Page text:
Motherhood, with its joy and toil, is a useful instrument in God's hand for our sanctification. And yet the Word of God remains the primary means of God's work in us (John 17:17).
The Garden, the Curtain and the Cross – the true story of why Jesus died and rose again
Author: Carl Laferton (illustrated by Catalins Echeverri)
Publisher: The Good Book For Children , 2016
Why I love it: This book reigns as my 2016 favorite children's book. In many ways, it is a "Bible story-line" overview for children. It aims to share the gospel by tracing 1) God's work in the Garden of Eden, 2) His placement of a curtain before the Most Holy Place, and 3) the reason for the cross of Christ. The book is stunningly illustrated! Here, I most appreciate its attempt to reflect the reality of Revelation 7:9-17--namely, the ethnic diversity of the church. But the best part about the book is its repetition of the phrase: "Because of your sin, you can't come in...BUT I died on the cross to take your sin...so all my friends can now come in!" My husband and I have made this phrase our useful "catechism" for explaining what sin does and what Christ has done on our behalf.
Everything a Child Should Know about God
Author: Kenneth N. Taylor (illustrated by Jenny Brake)
Publisher: Tyndale House, 2014
Why I Love It: This book was my favorite children's book in 2015. It served well as reading material for family worship for weeks! In many ways, it's a systematic theology book for little ones. It's a 10 chapter, 188 paged book. Each part comes with various sections that addresses topics including: what is the Bible, creation, who God is, the problem of sin, why Christ came, how the Holy Spirit helps us, why we go to church, and when Jesus comes back. These big ideas are explained in a child-friendly style. The book is beautifully illustrated and captures well the Revelation 7:9-17 vision of a diverse church. What a treasure for family devotions!
I Am: 40 Reasons to Trust God
Author: Diane Stortz (illustrated by Diane Le Feyer)
Publisher: Tommy Nelson, 2016
Why I love it: In many ways, I Am: 40 Reasons to Trust God is a book that tells the Bible story-line to children. Beginning with the Creator (Genesis) and ending with the King of Kings on a white horse (Revelation), the book details 40 of the Bible's names and titles for God, Jesus and the Holy Spirit. Each title/name of God is explained to children using a biblical story. Stories are followed by short devotionals aimed to help children see how the title/name shows who God is and what He does. Each chapter ends with a prayer and a "Learn More" section with additional Scriptures and Bible story-line notes for further study. This is a beautifully illustrated companion to your family devotional materials for sure!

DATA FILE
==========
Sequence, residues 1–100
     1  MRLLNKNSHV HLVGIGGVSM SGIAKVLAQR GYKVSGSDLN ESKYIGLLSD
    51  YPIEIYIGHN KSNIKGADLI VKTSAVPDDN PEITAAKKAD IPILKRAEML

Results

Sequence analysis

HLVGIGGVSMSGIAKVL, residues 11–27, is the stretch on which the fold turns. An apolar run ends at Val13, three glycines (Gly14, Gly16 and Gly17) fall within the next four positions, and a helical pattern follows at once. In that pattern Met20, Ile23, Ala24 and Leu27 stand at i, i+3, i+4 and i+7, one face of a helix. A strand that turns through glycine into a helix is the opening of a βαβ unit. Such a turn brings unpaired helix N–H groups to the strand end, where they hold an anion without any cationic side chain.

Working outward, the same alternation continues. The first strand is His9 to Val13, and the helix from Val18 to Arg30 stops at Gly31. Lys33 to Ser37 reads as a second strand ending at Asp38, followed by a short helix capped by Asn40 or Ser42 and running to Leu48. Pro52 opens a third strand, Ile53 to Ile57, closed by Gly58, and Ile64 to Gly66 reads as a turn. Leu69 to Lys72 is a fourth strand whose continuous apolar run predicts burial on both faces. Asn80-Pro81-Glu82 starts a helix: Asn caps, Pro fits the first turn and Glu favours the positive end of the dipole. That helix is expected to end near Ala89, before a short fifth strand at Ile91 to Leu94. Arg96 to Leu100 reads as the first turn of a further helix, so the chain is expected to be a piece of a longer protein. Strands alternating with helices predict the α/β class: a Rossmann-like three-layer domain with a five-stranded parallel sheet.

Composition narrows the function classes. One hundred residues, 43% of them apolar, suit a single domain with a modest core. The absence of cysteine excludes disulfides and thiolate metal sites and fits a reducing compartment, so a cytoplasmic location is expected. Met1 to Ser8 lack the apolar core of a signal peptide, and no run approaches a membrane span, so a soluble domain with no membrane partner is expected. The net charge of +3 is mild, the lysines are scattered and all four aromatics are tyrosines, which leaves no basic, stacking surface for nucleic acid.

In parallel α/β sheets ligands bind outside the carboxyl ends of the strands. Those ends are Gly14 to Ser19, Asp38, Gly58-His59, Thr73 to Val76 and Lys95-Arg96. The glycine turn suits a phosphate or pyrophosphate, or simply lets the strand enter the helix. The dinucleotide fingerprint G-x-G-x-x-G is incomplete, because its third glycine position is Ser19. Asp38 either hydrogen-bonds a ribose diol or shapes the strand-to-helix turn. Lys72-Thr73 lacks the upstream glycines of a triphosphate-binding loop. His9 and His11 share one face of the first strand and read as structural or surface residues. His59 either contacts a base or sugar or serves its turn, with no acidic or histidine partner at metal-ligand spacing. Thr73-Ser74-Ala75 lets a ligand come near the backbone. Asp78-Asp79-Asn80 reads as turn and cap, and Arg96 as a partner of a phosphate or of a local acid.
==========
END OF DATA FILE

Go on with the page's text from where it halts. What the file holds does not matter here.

The Jesus Storybook Bible: Every story whispers His name
Author: Sally Lloyd-Jones (illustrated by Jago Silver)
Publisher: Zonder Kidz, 2007
Why I Love It:The Jesus Storybook Bible is a massive 348-paged book with the mission to "tell the Story beneath all the stories in the Bible." Beautifully illustrated and almost poetic in voice, the book tells 21 Old Testament and 23 New Testament stories--puzzle pieces that fit together to reveal the Big Story of God's rescue of sinners through Jesus Christ. It's a great book to help point children away from "the moral of the story" to God's work in salvation through Christ!
The Biggest Story: How the Snake Crusher Brings us Back to the Garden
Author: Kevin DeYoung (illustrated by Don Clark)
Publisher: Crossway, 2015
Why I Love It:The Biggest Story shares the goal of The Jesus Storybook Bible--both are determined to tell the Big Picture Story of the Bible through smaller stories. The Biggest Story stands apart in that it goes further to uncover some of the lesser known biblical themes of Scripture. For example, DeYoung speaks of Jesus throughout the book as the new Adam, the only One able to succeed where the first Adam failed; He alone can restore us to the Revelation 22 garden. The book is a vividly illustrated Bible story-line book for children (and their parents). It clearly exalts the snake-crushing King of Glory!
Sammy and His Shepherd: Seeing Jesus in Psalm 23
Author: Susan Hunt (illustrated by Cory Godbey)